Thursday, 21 January 2016

Transporting A Special Needs Child

Transporting a child with special needs is a labor of love that is willingly and happily undertaken. But doing things out of love and doing them correctly and safely are two different issues. When transporting a special needs child, there are a number of specific safety factors that must be kept in mind. One of them is the type of wheelchair van that should be used.  Not all vans are the same and being sure that the right type is being used will ensure the child’s comfort and safety during the journey. Here are a few of the key considerations.

  • If a caregiver is required to be next to the child during the trip, or if the child and / or caregiver should be seated close to the driver, then a rear entry wheelchair van would be the better option.
  • If special equipment is to be transported along with the child, a side entry wheelchair van will allow for easier entry and exit as well as making storing the equipment safely for the journey easier. All equipments must be safely secured so that nothing moves. Shifting equipments could hit and injure the child.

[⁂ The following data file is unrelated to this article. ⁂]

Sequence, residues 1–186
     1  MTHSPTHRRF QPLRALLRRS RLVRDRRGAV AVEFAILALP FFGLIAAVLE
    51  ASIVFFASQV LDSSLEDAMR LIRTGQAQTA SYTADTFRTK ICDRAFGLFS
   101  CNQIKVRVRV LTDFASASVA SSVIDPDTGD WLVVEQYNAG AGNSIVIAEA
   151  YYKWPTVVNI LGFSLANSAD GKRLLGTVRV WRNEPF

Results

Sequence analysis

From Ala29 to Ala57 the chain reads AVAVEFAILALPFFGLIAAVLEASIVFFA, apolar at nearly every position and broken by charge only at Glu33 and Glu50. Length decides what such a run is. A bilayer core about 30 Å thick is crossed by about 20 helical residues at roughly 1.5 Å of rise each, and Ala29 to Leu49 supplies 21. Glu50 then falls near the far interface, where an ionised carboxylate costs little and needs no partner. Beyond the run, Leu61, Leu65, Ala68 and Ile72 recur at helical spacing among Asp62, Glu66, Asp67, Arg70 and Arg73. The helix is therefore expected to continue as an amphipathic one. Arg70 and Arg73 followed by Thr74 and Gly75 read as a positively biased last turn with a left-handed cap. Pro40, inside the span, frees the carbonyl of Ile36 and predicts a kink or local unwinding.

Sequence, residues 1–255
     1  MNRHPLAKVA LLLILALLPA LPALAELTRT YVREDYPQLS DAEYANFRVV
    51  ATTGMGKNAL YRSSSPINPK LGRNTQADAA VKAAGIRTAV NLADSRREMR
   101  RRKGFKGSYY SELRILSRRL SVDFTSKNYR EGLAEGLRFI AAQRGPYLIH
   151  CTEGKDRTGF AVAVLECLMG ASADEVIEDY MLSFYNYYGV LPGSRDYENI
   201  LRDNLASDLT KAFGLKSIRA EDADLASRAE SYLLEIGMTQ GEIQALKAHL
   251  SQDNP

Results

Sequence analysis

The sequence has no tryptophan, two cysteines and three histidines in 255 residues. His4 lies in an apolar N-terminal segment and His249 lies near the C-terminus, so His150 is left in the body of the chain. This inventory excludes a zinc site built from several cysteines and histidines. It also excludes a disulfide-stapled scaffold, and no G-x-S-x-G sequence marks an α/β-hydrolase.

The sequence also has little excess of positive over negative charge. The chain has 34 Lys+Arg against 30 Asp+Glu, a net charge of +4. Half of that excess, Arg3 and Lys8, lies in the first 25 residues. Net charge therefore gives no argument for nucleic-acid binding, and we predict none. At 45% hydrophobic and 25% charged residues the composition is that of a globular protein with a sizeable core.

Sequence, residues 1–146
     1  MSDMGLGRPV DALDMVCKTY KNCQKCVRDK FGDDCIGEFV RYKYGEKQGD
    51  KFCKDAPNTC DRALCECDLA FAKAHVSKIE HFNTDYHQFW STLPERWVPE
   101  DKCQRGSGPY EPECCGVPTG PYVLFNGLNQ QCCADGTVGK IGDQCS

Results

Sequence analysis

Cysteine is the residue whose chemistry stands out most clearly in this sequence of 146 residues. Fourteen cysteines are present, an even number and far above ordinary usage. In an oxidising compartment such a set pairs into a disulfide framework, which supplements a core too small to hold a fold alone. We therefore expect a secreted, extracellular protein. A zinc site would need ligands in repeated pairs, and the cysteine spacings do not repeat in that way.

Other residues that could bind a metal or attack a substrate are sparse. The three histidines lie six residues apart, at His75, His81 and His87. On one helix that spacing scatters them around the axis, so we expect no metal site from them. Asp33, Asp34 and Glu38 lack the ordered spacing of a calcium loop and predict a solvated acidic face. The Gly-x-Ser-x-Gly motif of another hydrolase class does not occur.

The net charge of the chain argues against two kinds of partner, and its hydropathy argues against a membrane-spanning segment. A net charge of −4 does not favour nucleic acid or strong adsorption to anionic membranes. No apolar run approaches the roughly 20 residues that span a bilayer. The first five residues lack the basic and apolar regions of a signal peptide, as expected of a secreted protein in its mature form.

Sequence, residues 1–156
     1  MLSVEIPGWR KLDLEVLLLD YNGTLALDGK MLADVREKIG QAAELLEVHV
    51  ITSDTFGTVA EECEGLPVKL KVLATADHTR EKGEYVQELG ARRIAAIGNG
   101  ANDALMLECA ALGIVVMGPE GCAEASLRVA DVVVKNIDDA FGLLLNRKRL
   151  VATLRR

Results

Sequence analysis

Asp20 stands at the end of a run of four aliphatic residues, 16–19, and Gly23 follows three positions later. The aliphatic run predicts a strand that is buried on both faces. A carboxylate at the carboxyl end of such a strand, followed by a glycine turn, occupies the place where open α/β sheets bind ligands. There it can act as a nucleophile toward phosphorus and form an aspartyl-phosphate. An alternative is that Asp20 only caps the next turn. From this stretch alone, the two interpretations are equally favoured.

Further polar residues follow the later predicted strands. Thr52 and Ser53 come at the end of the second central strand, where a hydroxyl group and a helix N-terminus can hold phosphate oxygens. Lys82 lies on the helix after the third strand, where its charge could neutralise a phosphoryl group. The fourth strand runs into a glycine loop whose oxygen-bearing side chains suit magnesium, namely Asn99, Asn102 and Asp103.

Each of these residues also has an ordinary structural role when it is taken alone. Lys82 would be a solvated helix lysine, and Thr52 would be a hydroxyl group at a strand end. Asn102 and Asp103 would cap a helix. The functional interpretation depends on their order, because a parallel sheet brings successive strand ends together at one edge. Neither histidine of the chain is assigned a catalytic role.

• If equipment that may be required for use during the trip is being carried, a self-contained power source that has a charge capacity of twice the duration of the trip (to account for any unexpected delays) should be carried. It is always preferable to power electric wheelchairs, other mobile seating devices and respiratory systems will dry cell or gel cell batteries and not lead acid ones. This will prevent the danger of the batteries leaking and causing injury other through contact with the acid or from the inhalation of the fumes.
  • Many children feel more at ease when a family member is sitting close to them in the unfamiliar surrounds of a van. Try to use a van that will allow a family member to be seated in a position so that the child knows that a familiar face is always at hand.
  • Some children are sensitive to sunlight or heat. If so, a van with tinted windows will be required.
  • If the wheel chair has a headrest, its size and position could affect where it can be positioned in the van.  Measure the dimensions of the wheelchair and try to use a van where the chair can be positioned as is best for the child’s specific needs – such as those mentioned above.
  • The driver is a key factor in any transportation arrangement. Talk to the van driver to see if he understands the needs of the child and is able and willing to tailor the driving to meet those requirements.

A special needs child should be allowed to travel as freely, safely and comfortably as possible. If this means using special medical transport services, you need to ensure that the company you are using has the experience, skills and special vehicles to do the job properly. When your child’s safety and your peace of mind depends on a service provider, never compromise. Always use a professional medical transport company.